Interzone Number 172, October 2001

The Invisible Hand Rolls the Dice. Carolyn Ives Gillman.

Lee Pao Nelson is a wealthy, successful businessman. But as is always the case, there are other wealthier, more successful businessmen. The bugbear for Lee is that he is not himself quoted on the Personality Exchange, a recognition of trend-setter status. Whilst pitching a World Church franchise (everything is commodified in this future!) he learns that he has finally achieved this status!

The only slight problem is the recently arranged evening rendezvous with a female ‘companion’ intended to round of his day. His newly acquired status could be compromised by such an assignation – can he buy himself out.

The story at this point is brought to a quick, not altogether satisfying conclusion with Lee at first believing he has found a life partner, only for that illusion to be shattered (literally). A lengthier ending, exploring more fully the moral vacuum in which Lee operates, would have been welcome.

Domie. Barrington J. Bayley.

The editorial refers to Bayley as being one of Britain’s ‘quirkiest SF writers’. I have to admit that none of his recent stories in Interzone have particularly engaged me, which is a bit strange as I tend to like well-done ‘quirkiness’.

Here we have a fairly standard SF species inversion trope (currently the remake of Planet of the Apes film adding little more to the body of work!) – in this case Earth has been invaded by gigantic chickens, who are now ruling the roost. (My pun!) Not gigantic chicken-like aliens, but evidently simply gigantic chickens. And instead of battery farming chickens, humanity is reduced to being battery farmed themselves, and sold in markets etc.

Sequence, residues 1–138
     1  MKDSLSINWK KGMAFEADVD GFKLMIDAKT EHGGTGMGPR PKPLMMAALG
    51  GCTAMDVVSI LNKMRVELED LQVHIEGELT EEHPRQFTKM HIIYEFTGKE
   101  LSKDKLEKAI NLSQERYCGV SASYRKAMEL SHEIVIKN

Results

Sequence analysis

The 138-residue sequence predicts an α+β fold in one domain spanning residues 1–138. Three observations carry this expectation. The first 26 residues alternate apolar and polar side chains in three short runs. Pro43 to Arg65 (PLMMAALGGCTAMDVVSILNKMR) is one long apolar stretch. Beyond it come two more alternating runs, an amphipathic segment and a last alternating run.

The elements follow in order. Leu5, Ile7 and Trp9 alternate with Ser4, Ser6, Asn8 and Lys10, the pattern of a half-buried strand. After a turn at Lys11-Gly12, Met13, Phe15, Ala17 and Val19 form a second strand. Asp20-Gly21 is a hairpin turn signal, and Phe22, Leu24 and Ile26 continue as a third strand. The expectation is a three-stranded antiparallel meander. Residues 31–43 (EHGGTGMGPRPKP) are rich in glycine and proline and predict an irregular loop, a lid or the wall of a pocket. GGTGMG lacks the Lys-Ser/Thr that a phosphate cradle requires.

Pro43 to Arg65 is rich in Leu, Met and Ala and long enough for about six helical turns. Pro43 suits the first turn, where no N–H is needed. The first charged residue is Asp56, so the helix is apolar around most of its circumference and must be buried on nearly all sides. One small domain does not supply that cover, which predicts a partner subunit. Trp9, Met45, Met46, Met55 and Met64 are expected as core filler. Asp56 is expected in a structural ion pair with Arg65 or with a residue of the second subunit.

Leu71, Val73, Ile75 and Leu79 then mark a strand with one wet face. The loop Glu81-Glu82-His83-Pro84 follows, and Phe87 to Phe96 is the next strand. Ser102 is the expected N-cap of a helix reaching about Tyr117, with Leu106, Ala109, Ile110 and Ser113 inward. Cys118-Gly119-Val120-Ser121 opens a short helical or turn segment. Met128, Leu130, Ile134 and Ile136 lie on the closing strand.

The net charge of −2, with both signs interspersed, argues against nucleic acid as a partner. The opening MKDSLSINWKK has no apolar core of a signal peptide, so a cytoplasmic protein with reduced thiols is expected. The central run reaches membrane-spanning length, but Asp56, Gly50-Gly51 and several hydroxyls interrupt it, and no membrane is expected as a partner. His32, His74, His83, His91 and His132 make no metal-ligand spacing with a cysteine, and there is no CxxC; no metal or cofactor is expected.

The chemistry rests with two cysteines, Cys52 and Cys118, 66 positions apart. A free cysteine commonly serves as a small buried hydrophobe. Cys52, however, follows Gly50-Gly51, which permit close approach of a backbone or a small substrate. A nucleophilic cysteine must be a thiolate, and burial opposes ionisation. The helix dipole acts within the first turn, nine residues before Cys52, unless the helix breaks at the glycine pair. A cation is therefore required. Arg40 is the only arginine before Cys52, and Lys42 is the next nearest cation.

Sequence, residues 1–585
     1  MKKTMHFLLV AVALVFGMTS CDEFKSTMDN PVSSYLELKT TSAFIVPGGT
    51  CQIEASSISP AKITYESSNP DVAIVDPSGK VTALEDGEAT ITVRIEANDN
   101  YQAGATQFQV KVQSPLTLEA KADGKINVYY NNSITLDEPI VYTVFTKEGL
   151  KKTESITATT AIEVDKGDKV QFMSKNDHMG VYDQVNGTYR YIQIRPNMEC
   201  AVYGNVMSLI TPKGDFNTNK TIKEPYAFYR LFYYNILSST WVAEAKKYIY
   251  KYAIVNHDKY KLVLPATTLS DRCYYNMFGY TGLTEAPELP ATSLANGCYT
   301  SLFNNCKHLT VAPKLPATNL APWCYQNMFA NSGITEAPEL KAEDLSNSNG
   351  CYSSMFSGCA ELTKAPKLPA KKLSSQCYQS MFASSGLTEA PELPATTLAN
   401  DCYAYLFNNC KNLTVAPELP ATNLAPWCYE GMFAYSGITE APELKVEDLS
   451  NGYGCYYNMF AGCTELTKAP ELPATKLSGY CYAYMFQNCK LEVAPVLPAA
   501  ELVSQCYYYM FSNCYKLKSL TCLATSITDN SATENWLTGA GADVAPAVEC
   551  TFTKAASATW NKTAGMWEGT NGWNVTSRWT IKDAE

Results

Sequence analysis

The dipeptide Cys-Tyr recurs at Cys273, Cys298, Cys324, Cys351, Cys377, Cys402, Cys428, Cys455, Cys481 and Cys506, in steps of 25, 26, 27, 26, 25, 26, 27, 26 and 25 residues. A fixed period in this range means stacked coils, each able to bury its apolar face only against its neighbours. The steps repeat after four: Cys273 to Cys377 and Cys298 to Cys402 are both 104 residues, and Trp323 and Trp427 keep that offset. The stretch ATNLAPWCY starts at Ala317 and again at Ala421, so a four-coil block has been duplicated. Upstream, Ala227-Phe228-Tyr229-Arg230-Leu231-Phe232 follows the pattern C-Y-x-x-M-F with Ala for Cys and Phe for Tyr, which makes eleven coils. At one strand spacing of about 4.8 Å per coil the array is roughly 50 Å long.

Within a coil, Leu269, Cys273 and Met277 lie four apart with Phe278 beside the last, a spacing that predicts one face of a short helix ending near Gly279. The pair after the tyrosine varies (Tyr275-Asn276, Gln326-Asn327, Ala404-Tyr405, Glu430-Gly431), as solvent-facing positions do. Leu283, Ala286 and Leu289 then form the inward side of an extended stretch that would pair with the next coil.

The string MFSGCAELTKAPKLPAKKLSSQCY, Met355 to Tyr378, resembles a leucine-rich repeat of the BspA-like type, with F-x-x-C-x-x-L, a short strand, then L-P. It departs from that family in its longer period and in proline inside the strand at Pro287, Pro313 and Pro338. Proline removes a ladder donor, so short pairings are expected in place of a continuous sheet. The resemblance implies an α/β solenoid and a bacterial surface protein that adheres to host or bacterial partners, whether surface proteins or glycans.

One battery cock is rescued from the dinner plate by a wild human woman, and they escape via the sewers into the countryside.

I’m not entirely sure what, if anything, BJB is trying to get across here? Humanity under alien rule has been done plenty of times before, and having battery farmed animals descend on Earth and do unto us as we have been doing unto them comes across as something a nine-year old vegetarian would put forward as an argument against eating chicken.

A Cold Dish. Lisa Tuttle.

A curious kind of horror story, in which the potential gruesome ending is flagged up quite clearly in the opening, and the suspense is down to whether the woman forced into pregnancy is going to make the father of their child eat his words. Grimmer than the Brothers Grimm!

Marcher. Chris Beckett.

Ex-social worker and now social work academic Beckett has provided several stories set in his near-future dystopian social welfare state, in which the Department for Special Category Administration takes a very dim view of the socially excluded.

I personally have felt this series of stories as being rather heavy-handed and none-too subtle. As someone in the same line of work there are far more subtle, insidious futures than his cruel extension of Thatcher’s idea of a welfare state. In this story Beckett takes a quantum leap, as he adds to the current trough of quantum/parallel stories with visitors from alternate Midlands popping into existance. This of course does not please the authorities!